Kanye West Goes to Harvard, Delivers Manifesto on Architecture

"Everything needs to actually be 'architected'," says the hip-hop artist.

In an interview with BBC Radio 1 back in September, Kanye West expressed an interest in pursuing architecture. “I'm learning what I want, this is the reason why I'm working with five architects at a time,” he told DJ Zane Lowe.

It turns out, West wasn’t playing around. On Sunday evening, the recording artist visited Harvard’s Graduate School of Design in Cambridge, Massachusetts, ahead of his concert in Boston later in the night.

Kanye West speaks to Harvard architecture graduate students from atop a studio desk. (Photo by Justin Gallagher) 

He toured the design studio, checked out the students' work, and gave away 300 free tickets to his show. And of course, West didn't leave without jumping up on top of a workspace and addressing his vision for the future of architecture, highlighted in the following quotes (via Archinect, where a GSD alumna has shared a full transcript and video of Kanye West's speech.)

I really do believe that the world can be saved through design, and everything needs to actually be "architected."

I believe that utopia is actually possible -- but we're led by the least noble, the least dignified, the least tasteful, the dumbest, and the most political. 

 I really appreciate you guys' willingness to learn and hone your craft, and not be lazy about creation.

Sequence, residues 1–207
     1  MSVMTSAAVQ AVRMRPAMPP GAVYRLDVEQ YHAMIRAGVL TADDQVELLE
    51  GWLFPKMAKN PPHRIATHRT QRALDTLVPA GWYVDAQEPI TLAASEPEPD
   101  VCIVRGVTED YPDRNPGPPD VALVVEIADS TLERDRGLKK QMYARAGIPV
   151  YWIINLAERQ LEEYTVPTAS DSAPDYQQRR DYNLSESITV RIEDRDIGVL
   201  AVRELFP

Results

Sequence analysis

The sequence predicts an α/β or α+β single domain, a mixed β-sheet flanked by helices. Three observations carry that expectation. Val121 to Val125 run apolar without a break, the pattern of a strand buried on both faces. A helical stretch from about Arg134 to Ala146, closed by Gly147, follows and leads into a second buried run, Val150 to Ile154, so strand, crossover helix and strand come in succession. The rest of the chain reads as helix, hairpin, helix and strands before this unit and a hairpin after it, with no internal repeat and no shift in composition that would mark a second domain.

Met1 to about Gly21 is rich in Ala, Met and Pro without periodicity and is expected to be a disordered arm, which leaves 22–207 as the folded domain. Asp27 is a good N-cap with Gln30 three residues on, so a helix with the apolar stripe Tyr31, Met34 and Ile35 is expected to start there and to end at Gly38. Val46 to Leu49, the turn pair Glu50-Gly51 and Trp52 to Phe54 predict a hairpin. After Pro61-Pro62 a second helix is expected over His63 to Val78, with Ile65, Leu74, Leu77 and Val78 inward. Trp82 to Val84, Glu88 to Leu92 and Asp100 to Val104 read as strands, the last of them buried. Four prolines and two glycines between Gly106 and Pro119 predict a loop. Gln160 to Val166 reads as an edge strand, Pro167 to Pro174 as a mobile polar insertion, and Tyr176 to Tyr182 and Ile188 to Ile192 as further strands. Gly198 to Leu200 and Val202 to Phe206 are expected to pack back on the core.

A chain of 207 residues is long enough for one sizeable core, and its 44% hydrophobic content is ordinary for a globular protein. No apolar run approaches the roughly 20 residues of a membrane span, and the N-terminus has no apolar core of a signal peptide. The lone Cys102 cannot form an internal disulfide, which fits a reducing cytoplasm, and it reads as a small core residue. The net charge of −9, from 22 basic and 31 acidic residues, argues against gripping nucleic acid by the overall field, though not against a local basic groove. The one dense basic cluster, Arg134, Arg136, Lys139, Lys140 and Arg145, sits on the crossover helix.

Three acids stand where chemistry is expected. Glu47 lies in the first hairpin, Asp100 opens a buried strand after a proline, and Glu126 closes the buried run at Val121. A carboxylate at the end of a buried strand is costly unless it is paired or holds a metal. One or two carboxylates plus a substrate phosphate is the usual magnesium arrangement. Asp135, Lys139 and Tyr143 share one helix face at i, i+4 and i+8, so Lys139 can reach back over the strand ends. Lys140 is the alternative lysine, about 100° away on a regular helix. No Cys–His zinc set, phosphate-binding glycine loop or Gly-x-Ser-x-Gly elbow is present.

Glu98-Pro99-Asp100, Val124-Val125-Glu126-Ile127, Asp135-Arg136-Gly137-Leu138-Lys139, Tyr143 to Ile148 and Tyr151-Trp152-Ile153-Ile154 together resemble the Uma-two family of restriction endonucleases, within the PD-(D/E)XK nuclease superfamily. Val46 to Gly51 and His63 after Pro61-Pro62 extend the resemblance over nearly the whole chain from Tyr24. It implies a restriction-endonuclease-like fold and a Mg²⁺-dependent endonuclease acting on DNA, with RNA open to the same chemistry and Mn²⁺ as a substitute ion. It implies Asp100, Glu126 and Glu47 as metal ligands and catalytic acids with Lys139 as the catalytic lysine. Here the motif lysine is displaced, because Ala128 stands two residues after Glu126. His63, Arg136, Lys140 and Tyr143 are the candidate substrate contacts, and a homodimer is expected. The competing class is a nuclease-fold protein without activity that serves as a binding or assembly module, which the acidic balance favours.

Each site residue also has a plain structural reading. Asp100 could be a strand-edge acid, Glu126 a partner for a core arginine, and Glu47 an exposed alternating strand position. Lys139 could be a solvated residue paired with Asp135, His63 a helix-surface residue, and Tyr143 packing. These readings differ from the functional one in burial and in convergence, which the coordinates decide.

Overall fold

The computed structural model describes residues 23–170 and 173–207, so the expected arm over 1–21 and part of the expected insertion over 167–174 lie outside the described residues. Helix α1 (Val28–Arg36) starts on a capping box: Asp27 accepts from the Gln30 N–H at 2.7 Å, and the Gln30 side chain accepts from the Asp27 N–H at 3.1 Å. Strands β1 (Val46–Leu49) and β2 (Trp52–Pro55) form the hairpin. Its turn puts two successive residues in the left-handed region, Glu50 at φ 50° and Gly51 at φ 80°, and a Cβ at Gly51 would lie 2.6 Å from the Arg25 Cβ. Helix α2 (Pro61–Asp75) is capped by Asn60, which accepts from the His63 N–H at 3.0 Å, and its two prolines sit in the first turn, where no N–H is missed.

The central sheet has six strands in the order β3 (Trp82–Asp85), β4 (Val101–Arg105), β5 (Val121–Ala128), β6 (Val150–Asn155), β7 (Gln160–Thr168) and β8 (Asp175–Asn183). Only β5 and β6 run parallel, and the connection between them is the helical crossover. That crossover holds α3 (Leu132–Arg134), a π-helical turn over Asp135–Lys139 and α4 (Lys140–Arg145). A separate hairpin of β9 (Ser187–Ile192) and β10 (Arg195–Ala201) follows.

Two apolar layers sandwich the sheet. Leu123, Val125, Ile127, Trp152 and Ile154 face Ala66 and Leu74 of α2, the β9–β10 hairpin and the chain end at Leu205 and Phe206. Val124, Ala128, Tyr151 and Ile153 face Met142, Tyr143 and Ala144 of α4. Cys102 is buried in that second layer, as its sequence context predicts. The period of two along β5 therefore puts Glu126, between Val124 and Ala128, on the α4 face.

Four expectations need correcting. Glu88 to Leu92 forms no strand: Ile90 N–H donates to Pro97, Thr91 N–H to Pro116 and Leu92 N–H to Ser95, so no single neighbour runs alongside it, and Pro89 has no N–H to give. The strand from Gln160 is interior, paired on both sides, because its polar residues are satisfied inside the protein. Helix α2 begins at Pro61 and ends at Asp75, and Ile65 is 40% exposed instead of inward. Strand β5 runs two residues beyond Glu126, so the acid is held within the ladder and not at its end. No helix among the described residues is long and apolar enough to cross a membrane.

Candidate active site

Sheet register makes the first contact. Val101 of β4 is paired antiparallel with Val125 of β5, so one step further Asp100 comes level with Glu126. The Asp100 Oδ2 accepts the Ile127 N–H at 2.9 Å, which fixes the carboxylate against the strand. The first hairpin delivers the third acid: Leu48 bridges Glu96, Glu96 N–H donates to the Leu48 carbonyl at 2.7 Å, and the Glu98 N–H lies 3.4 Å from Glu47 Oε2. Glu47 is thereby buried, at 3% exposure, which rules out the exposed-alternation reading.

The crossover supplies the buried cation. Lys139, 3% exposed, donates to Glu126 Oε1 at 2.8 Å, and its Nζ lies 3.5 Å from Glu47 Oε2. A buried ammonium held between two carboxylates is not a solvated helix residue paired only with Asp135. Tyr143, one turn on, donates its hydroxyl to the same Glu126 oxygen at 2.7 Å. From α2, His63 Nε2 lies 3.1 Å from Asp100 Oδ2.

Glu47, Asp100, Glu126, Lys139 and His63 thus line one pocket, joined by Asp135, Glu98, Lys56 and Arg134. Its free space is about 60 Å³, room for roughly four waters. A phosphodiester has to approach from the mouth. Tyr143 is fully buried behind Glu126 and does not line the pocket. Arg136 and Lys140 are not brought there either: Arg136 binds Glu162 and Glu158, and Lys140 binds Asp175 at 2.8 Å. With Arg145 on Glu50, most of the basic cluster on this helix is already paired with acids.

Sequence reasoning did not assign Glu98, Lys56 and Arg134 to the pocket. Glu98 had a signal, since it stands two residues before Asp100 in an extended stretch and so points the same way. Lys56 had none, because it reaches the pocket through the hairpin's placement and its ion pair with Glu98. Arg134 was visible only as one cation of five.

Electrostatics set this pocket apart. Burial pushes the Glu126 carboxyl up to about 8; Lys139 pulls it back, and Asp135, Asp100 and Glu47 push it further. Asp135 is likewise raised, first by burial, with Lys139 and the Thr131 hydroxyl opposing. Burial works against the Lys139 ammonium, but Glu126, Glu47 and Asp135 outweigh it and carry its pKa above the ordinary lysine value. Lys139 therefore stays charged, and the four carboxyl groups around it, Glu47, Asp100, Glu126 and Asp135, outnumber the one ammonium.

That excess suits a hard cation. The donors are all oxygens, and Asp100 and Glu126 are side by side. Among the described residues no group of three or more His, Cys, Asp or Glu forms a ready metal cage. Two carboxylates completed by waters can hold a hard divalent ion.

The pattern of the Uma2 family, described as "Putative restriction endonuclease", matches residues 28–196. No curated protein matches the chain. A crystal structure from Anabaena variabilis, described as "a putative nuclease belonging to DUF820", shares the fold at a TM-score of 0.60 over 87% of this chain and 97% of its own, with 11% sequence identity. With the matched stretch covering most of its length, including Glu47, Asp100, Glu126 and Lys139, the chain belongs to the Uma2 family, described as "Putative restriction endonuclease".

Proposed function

West's initial BBC interview stirred up some heated discussions in the comment sections of design websites like Dezeen and ArchDaily. Most pointed out the various ways he is unqualified to be an architect, but still some were curious to see what he could produce. According to the same GSD alumna who provided the transcript, West’s visit to Harvard on Sunday came about thanks to an invitation from the school's African-American Students Union. Those students, at least, appear to value the star's interest in their field.

At the moment, the architecture field does seem to be yearning for greater relevancy with the public. Last month, Architizer, an online platform for designers to showcase their work (and an occasional Atlantic Cities content partner), teamed up with the executive producers of Project Runway and posted a casting call for a new architecture reality TV show. 

"We are a profession that designs every school, skyscraper, hotel, and office in the world. Yet somehow no one seems to know what we do," wrote Marc Kushner, Architizer's co-founder.

Kanye West may not have the training and experience to build masterpieces right away, but he could easily be a promising champion of good design — with a voice that can travel far. 

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